"An increasing number of tech roles are becoming available in the jewellery industry due to developments in 3D printing technology"
The jewellery industry in the UK currently employs almost 60,000 people from over 20,000 different businesses. Jewellery designers design and make jewellery using a variety of materials, including gold, silver and precious stones – but have you considered the other tech-based roles in this sector? Jewellery retailer Angelic Diamonds take a look at the various paths you could take within the industry.
1. CAD designer
An increasing number of tech roles are becoming available in the jewellery industry due to developments in 3D printing technology. There is now a requirement for people who can use these digital tools with precision in the design and manufacturing process. These types of software are able to create prototypes of models, which go on to be made into 3D designs and castings. Jewellery that is designed with this sort of technology uses state-of-the art equipment and is drawn with precision like no other. The designs are then sent to mills, printers and growing machines, where they come to life with the help of 3D wax or resin.
So, how do you gain qualifications in CAD? There are courses online and ways that you can gain a CAD qualification from home. Alternatively, get in touch with your local vocational college and see what related courses they have to offer.
2. Jewellery designer
As a jewellery designer, you’ll be involved in every step of the jewellery making process from start to finish. Depending on the size of the business, designers may have to discuss a brief with the client and liaise with them through to completion. Individuals in this profession use their artistic abilities to bring an idea to life, either by hand or using Computer Aided Design, also known as CAD.
These roles are extremely popular, and competition may be tough, so you may want to start building up your network of contacts if this is the career you’d like to pursue. You’ll find that many jewellery designers have foundation degrees, or bachelor’s degrees in related subjects which looks at modules such as metalwork, design and metal design.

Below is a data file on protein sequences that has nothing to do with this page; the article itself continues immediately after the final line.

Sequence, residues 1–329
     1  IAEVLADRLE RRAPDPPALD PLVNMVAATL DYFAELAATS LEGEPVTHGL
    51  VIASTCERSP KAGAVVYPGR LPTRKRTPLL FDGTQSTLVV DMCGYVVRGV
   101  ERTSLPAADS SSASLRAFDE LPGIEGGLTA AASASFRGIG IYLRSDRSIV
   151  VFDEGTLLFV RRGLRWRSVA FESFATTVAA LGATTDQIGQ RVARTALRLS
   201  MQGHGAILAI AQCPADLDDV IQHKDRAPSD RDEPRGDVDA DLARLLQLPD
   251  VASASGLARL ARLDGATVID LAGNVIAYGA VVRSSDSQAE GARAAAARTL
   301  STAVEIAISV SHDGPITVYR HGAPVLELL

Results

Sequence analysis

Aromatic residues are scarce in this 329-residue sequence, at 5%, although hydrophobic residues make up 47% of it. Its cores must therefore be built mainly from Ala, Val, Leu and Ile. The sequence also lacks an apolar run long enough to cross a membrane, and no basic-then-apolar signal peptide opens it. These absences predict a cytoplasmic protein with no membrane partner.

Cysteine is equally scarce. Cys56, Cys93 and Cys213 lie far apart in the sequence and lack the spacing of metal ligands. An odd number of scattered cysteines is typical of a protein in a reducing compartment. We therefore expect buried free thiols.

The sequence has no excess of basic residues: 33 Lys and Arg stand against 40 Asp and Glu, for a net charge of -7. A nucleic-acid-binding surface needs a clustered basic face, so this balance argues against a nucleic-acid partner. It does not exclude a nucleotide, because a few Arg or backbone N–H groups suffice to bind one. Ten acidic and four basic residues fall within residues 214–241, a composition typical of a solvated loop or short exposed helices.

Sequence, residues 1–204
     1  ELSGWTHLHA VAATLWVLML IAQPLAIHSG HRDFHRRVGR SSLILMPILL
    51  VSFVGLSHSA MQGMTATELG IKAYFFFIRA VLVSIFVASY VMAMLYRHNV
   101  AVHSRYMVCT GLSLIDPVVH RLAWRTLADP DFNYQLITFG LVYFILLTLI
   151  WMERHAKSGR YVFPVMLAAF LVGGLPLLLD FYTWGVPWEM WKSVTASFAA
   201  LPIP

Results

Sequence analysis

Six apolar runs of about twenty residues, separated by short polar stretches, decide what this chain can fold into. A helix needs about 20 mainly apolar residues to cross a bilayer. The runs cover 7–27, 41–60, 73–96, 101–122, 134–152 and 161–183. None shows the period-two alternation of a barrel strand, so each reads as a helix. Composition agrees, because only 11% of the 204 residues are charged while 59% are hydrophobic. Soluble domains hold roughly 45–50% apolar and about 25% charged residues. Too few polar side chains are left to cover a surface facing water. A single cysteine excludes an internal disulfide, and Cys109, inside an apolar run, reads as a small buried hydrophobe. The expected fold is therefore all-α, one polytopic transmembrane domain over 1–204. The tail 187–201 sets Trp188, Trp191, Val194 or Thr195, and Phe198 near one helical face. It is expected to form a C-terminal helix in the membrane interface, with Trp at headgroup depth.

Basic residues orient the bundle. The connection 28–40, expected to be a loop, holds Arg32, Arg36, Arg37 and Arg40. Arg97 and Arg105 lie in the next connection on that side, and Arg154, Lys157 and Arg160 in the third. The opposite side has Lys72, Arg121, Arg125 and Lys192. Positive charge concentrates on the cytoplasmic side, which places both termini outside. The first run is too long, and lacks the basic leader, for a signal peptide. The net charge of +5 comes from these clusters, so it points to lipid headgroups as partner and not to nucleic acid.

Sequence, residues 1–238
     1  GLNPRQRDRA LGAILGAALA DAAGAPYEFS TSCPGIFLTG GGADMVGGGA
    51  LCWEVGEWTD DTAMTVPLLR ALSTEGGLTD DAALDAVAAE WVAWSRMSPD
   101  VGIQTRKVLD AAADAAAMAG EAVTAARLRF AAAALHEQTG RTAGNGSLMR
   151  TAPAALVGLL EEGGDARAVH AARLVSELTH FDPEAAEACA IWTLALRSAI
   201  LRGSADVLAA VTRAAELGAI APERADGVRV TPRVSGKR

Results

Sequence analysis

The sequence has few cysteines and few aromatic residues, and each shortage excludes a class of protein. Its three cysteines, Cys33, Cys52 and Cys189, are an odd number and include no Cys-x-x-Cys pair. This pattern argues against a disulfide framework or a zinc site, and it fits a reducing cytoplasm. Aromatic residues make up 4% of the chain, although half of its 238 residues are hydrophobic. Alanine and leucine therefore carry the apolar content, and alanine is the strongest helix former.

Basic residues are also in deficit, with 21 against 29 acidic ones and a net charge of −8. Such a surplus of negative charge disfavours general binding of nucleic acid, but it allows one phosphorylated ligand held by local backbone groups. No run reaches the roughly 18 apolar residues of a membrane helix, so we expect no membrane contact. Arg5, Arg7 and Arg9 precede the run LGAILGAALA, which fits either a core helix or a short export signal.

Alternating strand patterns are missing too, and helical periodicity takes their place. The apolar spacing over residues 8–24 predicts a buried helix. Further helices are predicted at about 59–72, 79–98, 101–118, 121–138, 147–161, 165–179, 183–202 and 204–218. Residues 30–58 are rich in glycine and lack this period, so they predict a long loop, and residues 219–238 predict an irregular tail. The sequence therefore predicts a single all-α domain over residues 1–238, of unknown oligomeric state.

Apprenticeships in jewellery design are also available if you want to learn on the job. And, for those who are looking to learn jewellery design alongside other commitments, there are short courses available at colleges and private providers, but these aren’t usually as in-depth or may take longer to get to the level that an apprenticeship or degree qualification would provide.
3. Niche roles
Larger jewellers employ people to make jewellery alterations using specialised technology. You might find your niche in jewellery making and find that you want a more specialised job.
· Bench jewellers — make, repair and alter items
· Model makers — design and create models which are used to make numerous copies or an item through the casting process
· Casters — generate multiple casts for the production process
· Engravers — skilled in the art of engraving, they can engrave lines words and other markings onto jewellery pieces
4. Gold and silversmiths
This is a highly skilled job, so training is necessary. On the job experience is key here and although gaining qualifications will help develop your industry knowledge, it may not help develop your skills in the way that you need them. The best way is to learn from other professionals, either through an apprenticeship or by spending time in industry.
You also need to enjoy being practical by working with your hands, as you’ll be forming metal into different shapes. Patience is also required, as you’ll need to be concentrating for long periods of time on one object. You may also be asked to make changes to jewellery to meet a client brief, so persistence is also key. Being able to create technical drawings is an advantage too and something that is sought after by some employees, depending on the company.
Have any of these roles caught your eye? Start networking and build your portfolio to better your chances of breaking into the industry.